Skip to content

Diabetes Health Center

Font Size

Diabetes Control and Complications Trial (DCCT)

What Is the DCCT?

The DCCT is a clinical study conducted from 1983 to 1993 by the National Institute of Diabetes and Digestive and Kidney Diseases (NIDDK). The study showed that keeping blood sugar levels as close to normal as possible slows the onset and progression of eye, kidney, and nerve diseases caused by diabetes. In fact, it demonstrated that any sustained lowering of blood sugar helps, even if the person has a history of poor control.

The largest, most comprehensive diabetes study ever conducted, the DCCT involved 1,441 volunteers with type 1 diabetes and 29 medical centers in the United States and Canada. Volunteers had diabetes for at least 1 year but no longer than 15 years. They also were required to have no, or only early signs of, diabetic eye disease.

Recommended Related to Diabetes

Diabetes and Organ Transplant

In some cases, diabetes can lead to damage that makes an organ transplant necessary. But diabetes isn't only a reason for organ transplants. It can also be the result. Experts are not certain just how often people develop type 2 diabetes after the transplant of a heart, liver, kidney, lung, or other organ. One review of studies suggested that it could occur in more than one out of 10 people who get a transplant. Diabetes is always a serious illness. But it can have greater risks in people who have...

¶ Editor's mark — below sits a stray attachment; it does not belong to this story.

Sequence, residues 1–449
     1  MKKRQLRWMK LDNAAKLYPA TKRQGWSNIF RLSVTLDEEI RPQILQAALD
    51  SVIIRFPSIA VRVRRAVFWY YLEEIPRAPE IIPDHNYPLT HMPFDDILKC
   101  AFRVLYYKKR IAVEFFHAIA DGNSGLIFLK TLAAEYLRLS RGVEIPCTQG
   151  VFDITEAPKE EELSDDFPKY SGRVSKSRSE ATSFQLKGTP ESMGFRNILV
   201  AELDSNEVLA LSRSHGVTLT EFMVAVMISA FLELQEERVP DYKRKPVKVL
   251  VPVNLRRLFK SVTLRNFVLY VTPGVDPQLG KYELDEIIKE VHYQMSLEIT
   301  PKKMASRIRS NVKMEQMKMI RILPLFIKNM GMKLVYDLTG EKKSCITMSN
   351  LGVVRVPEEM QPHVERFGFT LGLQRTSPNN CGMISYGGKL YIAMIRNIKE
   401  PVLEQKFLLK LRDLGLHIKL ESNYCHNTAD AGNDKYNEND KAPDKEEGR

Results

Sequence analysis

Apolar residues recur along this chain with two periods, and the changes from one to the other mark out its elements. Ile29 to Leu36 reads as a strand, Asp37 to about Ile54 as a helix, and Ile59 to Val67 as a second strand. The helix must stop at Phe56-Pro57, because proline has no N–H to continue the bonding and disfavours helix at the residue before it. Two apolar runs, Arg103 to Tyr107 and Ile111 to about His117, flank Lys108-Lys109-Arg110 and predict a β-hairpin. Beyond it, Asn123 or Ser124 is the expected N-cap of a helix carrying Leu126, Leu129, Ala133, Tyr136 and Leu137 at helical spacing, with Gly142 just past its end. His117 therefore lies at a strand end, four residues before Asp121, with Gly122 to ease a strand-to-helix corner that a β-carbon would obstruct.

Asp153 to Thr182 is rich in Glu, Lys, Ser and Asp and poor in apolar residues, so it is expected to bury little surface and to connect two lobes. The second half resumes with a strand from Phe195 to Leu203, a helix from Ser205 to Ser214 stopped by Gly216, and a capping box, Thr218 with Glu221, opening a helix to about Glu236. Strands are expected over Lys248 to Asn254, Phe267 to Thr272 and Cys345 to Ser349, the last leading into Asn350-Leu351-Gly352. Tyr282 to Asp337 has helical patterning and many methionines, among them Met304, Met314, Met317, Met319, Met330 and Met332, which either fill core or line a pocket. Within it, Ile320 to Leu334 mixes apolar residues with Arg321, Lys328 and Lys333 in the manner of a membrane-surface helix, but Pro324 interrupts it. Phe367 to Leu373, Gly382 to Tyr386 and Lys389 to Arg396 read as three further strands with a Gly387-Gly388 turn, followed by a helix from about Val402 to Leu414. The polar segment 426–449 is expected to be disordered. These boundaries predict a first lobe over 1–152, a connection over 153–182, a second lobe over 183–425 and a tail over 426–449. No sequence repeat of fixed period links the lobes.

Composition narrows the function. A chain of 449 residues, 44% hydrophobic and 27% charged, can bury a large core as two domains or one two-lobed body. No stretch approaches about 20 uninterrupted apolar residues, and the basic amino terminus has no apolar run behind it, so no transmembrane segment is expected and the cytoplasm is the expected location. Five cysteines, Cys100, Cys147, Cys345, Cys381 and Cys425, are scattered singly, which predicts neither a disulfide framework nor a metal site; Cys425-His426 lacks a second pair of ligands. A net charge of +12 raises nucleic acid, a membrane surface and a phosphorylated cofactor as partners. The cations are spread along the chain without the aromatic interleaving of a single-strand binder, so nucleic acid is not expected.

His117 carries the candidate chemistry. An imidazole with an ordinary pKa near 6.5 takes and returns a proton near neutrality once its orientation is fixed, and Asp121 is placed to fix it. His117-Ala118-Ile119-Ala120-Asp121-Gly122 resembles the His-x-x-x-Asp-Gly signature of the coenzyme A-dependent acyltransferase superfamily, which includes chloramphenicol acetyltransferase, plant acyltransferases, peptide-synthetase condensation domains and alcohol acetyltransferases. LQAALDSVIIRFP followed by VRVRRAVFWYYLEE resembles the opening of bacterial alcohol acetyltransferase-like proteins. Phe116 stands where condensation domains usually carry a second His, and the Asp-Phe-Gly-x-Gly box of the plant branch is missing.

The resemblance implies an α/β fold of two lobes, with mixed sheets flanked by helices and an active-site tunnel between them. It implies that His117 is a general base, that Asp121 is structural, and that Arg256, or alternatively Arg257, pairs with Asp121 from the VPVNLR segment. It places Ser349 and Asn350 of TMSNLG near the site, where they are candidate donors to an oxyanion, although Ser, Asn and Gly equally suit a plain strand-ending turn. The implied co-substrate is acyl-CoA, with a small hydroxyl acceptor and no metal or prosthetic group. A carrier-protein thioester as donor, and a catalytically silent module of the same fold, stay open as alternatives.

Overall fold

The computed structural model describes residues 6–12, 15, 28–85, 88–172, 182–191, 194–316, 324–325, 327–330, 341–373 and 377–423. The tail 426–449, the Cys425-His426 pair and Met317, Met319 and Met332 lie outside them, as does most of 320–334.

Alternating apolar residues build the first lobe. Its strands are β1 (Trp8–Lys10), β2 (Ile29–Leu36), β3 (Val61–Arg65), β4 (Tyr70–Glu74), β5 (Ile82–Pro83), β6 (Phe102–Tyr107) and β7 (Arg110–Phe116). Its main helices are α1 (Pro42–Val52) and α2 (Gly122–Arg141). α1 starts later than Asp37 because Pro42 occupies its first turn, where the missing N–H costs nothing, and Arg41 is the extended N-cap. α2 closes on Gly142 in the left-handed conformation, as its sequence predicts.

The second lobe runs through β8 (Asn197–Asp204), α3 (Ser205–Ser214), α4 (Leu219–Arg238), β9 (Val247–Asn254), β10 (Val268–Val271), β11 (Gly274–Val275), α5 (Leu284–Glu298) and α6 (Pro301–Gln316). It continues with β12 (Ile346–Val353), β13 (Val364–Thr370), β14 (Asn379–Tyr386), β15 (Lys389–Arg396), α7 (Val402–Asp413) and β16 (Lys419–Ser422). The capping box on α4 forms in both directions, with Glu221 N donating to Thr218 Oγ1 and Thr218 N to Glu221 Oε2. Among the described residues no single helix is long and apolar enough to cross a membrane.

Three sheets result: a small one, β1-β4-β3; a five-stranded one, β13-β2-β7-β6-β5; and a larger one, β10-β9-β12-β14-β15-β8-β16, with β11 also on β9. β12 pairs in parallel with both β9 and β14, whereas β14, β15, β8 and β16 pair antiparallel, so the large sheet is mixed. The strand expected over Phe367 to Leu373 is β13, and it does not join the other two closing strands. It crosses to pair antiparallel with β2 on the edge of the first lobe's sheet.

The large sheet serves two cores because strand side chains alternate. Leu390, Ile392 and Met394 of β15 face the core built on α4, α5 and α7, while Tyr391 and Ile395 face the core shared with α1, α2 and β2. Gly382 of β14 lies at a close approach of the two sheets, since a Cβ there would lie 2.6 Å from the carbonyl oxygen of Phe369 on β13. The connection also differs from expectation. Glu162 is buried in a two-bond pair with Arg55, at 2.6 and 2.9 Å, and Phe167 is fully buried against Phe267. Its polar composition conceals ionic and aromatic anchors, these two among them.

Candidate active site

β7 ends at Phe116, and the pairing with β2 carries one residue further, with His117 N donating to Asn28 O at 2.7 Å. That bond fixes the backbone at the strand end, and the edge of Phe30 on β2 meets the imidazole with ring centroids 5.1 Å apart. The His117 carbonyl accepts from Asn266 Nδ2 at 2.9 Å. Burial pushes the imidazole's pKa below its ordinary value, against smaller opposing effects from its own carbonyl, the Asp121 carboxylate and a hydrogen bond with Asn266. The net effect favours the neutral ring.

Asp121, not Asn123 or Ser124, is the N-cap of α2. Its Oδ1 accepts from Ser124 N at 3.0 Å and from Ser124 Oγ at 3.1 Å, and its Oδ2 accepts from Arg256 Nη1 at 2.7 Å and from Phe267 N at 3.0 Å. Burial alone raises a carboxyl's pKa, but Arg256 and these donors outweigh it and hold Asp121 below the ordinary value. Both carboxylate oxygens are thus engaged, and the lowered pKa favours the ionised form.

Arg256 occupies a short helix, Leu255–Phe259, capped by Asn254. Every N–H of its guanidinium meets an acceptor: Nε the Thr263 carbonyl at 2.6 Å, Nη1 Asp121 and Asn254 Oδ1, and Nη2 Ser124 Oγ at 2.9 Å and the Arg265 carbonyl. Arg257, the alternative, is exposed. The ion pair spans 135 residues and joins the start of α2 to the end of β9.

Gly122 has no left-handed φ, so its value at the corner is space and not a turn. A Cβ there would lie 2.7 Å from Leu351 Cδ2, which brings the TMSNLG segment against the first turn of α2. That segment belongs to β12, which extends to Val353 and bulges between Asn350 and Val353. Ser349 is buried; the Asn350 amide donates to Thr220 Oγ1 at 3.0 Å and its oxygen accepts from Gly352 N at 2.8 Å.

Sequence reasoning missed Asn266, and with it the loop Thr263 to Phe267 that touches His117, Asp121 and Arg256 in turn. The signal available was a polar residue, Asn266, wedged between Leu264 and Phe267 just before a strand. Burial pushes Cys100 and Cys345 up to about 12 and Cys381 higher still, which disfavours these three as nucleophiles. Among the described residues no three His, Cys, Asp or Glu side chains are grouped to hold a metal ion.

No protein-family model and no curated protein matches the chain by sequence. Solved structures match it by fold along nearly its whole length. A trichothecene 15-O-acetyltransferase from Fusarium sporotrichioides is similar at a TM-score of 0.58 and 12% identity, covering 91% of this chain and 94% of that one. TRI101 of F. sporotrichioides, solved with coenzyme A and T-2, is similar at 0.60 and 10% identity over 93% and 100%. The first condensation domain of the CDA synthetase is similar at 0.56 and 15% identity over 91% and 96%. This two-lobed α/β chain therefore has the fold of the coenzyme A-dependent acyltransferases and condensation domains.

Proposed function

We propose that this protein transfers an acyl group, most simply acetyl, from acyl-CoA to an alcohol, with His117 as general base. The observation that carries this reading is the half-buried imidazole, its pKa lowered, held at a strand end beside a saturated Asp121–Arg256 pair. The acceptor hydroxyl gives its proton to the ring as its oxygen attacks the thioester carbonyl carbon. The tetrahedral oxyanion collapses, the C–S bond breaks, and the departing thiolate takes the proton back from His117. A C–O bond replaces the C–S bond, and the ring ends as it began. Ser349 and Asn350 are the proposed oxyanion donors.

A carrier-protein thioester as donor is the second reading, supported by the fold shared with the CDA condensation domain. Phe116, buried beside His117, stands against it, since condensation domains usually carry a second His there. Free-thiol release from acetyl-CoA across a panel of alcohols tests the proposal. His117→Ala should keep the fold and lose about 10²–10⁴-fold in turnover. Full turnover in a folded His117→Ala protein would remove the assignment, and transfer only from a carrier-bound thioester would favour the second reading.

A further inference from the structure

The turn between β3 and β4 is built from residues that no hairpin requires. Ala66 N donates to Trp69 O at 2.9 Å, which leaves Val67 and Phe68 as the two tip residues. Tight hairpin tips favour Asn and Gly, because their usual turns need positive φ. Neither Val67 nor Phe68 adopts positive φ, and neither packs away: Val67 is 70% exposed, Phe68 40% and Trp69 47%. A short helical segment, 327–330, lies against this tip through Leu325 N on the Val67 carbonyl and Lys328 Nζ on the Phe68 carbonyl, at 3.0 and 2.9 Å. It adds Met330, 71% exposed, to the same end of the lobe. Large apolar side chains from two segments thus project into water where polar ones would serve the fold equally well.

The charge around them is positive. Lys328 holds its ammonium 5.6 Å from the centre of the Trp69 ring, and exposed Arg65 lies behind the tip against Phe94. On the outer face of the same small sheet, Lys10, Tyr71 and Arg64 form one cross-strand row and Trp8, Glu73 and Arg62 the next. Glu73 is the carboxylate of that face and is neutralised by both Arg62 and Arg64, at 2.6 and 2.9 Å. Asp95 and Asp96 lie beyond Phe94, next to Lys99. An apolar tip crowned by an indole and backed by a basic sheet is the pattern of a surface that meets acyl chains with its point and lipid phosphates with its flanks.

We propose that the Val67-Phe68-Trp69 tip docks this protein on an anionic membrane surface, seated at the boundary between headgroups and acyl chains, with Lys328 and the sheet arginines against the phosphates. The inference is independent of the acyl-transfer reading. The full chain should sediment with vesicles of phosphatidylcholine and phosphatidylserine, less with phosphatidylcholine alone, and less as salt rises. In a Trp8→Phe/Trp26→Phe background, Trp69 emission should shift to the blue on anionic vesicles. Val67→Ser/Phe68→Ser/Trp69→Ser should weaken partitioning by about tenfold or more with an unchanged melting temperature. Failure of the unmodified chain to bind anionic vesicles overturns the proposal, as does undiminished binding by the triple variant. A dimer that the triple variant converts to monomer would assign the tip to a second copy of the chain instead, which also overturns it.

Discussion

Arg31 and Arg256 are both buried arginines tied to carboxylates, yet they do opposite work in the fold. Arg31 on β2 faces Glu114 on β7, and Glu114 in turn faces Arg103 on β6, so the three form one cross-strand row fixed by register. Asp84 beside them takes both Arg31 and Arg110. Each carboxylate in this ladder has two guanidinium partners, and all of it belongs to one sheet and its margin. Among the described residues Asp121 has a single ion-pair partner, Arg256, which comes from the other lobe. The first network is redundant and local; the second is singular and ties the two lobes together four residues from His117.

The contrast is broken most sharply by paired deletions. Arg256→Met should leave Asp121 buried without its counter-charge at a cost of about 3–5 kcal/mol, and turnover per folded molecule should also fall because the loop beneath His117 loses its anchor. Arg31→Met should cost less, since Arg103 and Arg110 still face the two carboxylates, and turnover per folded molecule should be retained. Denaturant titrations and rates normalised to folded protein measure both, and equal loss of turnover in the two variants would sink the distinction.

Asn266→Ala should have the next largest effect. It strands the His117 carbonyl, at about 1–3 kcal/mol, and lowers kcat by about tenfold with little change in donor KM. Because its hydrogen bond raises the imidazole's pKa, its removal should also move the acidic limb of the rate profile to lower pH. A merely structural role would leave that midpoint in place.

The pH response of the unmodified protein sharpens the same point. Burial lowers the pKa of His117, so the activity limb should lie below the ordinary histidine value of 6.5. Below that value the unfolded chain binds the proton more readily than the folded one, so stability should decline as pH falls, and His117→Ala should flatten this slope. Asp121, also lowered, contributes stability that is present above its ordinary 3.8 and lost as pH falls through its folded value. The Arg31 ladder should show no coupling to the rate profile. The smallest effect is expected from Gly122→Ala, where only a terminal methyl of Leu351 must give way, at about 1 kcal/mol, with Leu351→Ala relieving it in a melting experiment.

Read the Diabetes and Organ Transplant article > >

The study compared the effects of two treatment regimens--standard therapy and intensive control--on the complications of diabetes. Volunteers were randomly assigned to each treatment group.

DCCT Study Findings

Lowering blood sugar reduces risk:

  • Eye disease
    76% reduced risk
  • Kidney disease
    50% reduced risk
  • Nerve disease
    60% reduced risk

How Did Intensive Treatment Affect Diabetic Eye Disease?

All DCCT participants were monitored for diabetic retinopathy, an eye disease that affects the retina. Study results showed that intensive therapy reduced the risk for developing retinopathy by 76 percent. In participants with some eye damage at the beginning of the study, intensive management slowed the progression of the disease by 54 percent.

The retina is the light sensing tissue at the back of the eye. According to the National Eye Institute, one of the National Institutes of Health, as many as 24,000 persons with diabetes lose their sight each year. In the United States, diabetic retinopathy is the leading cause of blindness in adults under age 65.

How Did Intensive Treatment Affect Diabetic Kidney Disease?

Participants in the DCCT were tested to assess the development of diabetic kidney disease (nephropathy). Findings showed that intensive treatment prevented the development and slowed the progression of diabetic kidney disease by 50 percent.